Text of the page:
Indian regulations, moreover, did not allow for International operations for five years; now, the requirement has been reduced to the acquisition of 20 aircraft, allowing well-capitalised carriers to get aggressive with their fleet plans and begin higher-yielding International operations (Akasa is on the verge of receiving its 20th aircraft, which will enable it to commence its international operations within a year of its launch).

Q. What are the major expense heads for an airline? What is the kind of flexibility available to them to reduce the costs?

A. As per data from FY20, the last non-Covid year where financial numbers for all airlines are available, variable costs account for 70 per cent (fuel 41 per cent, landing fee 10 per cent, others 18 per cent), and fixed and semi-fixed for 30 per cent (rentals 3 per cent, employee 13 per cent, and repair and maintenance 15 per cent).

As for flexibility in managing the costs, fuel expenses can be reduced only to a certain extent by deploying fuel-efficient aircraft as price is the major driver of fuel expenses.

Employee costs are on the upswing on account of the massive cuts during the pandemic and rising attrition as global players are offering better packages.

The repair and maintenance costs are coming down as more MROs are being set up in India leading to a rationalisation of costs.

Q. What are the revenue streams for an airline and what trends do you see?

A. Indian airlines focused on passenger revenue with cargo revenue being an afterthought. Only SpiceJet realised the importance of cargo revenues and created SPiceXpress. During the pandemic, airlines finally recognised the importance of cargo revenues, leading them to refocus on cargo operations.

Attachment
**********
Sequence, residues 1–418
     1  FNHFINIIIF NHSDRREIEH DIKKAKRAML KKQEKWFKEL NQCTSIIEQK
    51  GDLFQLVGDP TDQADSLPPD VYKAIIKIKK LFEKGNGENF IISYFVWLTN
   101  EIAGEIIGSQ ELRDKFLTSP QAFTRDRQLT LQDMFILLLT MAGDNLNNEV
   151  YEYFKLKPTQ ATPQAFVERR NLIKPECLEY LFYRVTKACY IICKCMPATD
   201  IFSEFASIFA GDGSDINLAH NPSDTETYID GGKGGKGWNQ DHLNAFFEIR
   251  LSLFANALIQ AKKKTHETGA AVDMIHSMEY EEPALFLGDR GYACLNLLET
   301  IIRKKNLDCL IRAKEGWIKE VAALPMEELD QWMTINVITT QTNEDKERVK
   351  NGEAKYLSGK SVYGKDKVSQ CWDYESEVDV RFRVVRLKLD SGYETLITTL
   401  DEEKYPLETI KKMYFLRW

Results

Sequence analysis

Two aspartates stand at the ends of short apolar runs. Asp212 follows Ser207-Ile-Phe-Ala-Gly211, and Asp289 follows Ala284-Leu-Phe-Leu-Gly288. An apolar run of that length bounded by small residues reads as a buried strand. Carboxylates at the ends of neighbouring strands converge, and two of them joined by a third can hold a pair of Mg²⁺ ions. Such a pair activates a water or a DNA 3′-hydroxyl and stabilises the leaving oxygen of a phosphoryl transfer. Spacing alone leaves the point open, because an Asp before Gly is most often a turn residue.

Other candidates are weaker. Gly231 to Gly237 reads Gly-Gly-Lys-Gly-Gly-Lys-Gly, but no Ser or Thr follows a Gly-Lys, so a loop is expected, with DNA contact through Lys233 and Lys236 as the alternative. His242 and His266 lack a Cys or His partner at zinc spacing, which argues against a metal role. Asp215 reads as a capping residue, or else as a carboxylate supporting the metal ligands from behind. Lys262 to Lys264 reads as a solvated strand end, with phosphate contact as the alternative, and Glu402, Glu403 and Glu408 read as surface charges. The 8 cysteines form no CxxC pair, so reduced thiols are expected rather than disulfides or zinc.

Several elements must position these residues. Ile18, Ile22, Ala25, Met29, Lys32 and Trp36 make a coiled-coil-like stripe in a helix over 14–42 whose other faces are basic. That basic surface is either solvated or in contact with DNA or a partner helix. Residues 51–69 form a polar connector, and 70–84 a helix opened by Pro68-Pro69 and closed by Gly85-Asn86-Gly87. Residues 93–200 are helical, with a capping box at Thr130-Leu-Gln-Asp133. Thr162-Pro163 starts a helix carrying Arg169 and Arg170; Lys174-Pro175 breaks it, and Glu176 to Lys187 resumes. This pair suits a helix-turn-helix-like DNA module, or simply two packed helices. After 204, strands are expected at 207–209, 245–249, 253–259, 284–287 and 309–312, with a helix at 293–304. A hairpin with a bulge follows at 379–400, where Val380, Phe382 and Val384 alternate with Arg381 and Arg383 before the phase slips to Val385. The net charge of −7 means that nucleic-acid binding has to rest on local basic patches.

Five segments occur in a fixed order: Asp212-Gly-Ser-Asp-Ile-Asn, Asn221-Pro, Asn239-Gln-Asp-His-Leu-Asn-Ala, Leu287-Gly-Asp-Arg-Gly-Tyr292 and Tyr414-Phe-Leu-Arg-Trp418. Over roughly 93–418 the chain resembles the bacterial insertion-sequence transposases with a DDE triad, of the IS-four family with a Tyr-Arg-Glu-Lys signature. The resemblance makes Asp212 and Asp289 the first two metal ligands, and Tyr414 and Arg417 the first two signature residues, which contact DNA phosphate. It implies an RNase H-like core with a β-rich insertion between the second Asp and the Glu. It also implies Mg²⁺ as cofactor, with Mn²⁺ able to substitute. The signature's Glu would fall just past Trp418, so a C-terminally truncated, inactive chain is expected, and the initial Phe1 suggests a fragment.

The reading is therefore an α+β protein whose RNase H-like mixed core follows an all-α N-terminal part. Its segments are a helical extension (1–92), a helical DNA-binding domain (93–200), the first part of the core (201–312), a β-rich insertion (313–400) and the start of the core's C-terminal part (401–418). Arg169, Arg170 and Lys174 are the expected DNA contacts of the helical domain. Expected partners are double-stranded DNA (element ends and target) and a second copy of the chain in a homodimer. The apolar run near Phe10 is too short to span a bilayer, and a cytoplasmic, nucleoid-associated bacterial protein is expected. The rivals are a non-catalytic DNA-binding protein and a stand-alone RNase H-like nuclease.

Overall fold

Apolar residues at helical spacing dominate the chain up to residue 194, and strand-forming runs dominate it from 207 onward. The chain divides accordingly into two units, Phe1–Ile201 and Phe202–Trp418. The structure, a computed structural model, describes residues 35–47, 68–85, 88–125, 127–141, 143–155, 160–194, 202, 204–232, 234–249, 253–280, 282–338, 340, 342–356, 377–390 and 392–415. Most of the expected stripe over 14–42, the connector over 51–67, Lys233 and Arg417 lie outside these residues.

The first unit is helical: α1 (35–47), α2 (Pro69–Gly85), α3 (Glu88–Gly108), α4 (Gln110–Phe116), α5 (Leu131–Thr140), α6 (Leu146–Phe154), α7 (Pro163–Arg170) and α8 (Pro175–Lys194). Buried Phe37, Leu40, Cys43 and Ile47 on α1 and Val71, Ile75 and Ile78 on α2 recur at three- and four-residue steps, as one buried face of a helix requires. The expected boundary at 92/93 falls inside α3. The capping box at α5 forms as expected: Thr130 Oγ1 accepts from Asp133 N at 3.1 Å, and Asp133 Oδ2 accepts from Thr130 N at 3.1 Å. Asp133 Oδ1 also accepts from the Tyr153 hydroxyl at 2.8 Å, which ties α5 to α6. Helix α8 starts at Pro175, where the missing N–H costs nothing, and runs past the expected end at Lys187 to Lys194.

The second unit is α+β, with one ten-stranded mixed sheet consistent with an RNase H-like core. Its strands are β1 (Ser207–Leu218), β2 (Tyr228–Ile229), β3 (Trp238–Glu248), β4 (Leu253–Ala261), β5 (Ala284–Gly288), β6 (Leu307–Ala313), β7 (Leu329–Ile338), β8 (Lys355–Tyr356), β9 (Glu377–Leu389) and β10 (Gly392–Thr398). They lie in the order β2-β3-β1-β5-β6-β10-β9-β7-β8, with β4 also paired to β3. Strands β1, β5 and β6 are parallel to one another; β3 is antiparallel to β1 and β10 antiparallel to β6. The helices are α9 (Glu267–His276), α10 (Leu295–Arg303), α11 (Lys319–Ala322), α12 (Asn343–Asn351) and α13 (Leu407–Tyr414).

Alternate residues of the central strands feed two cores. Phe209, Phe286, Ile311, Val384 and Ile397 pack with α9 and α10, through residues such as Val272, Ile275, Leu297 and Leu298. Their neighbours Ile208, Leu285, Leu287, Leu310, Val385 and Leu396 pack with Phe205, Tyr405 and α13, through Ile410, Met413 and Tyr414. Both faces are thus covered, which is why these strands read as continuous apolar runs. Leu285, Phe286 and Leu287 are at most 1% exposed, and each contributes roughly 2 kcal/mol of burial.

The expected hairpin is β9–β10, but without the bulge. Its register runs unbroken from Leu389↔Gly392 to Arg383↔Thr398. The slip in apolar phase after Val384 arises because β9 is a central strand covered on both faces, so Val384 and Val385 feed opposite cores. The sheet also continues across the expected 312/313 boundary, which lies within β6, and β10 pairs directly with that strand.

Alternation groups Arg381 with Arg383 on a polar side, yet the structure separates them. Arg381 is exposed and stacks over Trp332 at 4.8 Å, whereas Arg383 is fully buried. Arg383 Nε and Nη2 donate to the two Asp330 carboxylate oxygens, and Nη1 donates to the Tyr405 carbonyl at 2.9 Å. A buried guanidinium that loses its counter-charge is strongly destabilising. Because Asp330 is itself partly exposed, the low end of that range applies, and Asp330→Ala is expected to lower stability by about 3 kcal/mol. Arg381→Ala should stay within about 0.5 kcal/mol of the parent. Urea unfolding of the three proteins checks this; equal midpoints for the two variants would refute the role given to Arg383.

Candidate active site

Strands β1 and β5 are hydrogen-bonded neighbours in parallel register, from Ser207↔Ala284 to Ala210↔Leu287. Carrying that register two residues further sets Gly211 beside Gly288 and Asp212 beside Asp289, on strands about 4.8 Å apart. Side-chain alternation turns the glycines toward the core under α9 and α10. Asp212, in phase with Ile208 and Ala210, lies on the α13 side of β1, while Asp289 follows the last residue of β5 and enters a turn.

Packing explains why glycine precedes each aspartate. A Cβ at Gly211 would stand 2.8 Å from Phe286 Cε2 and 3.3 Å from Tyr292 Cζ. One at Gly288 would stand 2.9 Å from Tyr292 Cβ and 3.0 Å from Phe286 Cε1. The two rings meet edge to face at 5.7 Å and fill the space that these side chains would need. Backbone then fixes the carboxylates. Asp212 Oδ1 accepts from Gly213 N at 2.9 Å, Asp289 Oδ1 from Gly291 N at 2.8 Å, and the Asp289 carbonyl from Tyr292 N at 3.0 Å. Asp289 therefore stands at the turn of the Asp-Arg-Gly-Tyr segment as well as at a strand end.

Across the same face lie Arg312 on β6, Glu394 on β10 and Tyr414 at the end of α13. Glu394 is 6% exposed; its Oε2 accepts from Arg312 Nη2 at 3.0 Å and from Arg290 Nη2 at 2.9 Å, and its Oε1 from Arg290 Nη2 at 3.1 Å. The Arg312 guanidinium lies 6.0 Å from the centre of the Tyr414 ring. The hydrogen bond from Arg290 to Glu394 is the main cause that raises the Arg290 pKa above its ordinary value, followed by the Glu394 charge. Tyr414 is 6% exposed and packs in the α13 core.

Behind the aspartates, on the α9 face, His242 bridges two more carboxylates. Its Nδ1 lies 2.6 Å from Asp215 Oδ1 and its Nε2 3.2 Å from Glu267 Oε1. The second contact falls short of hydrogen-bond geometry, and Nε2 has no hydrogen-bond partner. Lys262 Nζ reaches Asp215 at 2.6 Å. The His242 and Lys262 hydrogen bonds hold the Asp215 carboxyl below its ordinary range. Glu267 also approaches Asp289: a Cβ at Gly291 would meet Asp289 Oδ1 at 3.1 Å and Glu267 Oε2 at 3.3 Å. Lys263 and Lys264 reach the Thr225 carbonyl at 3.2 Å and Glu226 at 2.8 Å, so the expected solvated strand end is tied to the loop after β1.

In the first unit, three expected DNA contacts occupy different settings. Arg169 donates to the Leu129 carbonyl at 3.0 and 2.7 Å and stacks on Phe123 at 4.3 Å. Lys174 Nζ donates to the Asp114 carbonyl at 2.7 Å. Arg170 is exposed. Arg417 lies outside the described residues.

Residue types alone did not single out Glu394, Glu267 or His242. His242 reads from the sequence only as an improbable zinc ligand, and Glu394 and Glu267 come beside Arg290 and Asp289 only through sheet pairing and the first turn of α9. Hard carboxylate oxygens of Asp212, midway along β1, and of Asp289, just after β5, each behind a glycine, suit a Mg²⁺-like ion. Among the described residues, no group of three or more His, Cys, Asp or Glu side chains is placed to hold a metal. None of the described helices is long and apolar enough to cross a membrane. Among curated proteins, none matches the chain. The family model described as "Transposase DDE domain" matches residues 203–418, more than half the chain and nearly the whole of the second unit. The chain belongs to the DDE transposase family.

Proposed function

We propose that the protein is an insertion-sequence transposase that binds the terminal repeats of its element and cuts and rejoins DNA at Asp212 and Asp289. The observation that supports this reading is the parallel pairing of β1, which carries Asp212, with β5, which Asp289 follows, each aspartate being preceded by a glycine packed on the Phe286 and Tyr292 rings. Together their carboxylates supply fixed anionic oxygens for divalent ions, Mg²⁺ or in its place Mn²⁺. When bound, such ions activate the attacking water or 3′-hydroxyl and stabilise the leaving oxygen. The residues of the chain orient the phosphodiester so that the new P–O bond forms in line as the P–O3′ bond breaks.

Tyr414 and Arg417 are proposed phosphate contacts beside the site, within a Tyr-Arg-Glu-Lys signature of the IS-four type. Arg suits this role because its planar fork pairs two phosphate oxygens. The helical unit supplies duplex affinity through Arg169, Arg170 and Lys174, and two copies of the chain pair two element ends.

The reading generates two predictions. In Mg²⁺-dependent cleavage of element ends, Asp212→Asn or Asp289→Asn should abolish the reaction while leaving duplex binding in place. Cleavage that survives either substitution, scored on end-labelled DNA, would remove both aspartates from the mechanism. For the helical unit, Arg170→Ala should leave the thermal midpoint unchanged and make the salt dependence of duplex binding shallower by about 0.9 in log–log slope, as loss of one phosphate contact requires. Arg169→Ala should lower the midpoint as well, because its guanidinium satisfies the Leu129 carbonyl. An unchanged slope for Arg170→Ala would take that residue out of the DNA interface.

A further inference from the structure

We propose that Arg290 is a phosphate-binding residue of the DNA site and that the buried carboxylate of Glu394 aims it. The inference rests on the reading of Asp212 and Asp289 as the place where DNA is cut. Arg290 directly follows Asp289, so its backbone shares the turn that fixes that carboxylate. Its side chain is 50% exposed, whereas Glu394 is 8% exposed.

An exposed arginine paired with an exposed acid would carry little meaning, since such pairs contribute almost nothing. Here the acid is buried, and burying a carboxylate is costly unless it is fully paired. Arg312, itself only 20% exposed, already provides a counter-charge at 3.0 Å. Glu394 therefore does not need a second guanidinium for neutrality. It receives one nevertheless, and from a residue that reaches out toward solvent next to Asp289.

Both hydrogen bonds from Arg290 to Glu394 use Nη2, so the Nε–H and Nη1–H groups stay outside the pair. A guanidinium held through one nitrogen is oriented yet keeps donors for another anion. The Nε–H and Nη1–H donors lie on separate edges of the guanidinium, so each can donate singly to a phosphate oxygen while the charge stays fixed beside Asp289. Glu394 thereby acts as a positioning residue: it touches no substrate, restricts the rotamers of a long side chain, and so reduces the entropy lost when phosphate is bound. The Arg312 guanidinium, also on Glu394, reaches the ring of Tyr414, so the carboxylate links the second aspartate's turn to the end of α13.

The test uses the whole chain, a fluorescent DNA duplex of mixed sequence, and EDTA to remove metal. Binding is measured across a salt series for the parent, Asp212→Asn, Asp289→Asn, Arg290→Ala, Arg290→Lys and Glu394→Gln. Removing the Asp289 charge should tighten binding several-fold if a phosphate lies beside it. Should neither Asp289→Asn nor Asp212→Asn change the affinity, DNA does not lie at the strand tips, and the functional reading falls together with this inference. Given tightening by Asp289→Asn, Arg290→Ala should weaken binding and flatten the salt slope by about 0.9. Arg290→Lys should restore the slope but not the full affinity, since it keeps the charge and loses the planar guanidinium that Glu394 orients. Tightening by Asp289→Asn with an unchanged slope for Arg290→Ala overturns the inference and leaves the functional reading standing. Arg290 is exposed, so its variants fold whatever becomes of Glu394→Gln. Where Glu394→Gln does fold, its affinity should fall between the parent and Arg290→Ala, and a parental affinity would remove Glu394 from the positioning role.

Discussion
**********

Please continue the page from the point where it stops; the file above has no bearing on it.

Q. Is pricing an issue with airlines? If yes, in which sector — domestic or overseas?

A. The Indian market was notoriously tough for pricing because of intense competition, with players jostling to capture market share and financially weak airlines resorting to discounting to shore up cash.

The closure of a couple of airlines, coupled with the brutal impact on airline balance sheets and the rise of a duopolistic market, has led to improved pricing power for Indian airlines in the domestic market.

Q. Can a low-cost airline succeed in India? If yes, how?

A. IndiGo is the best example of an LCC not just succeeding, but flourishing. It has placed the world’s largest order for 500 aircraft and crossed the Rs 1 lakh crore market cap. Some lessons to be learnt from its success story are: Being nimble in the face of opportunities (demise of Kingfisher); a strong balance sheet that allowed it to tide over the pandemic; planning ahead; intense focus on costs and on-time arrivals; and operating a young fleet.

Q. What patterns do you see in load factor?

A. Pre-pandemic, Indian airlines were operating at 85-86 per cent load factors in the domestic space and this declined to 40-50 per cent in the first phase of resumption of operations post pandemic. With passenger traffic having recovered now to pre-Covid levels, PLFs are hovering around 84-87 per cent in the domestic market.

(Venkatachari Jagannathan can be reached at v.jagannathan@ians.in)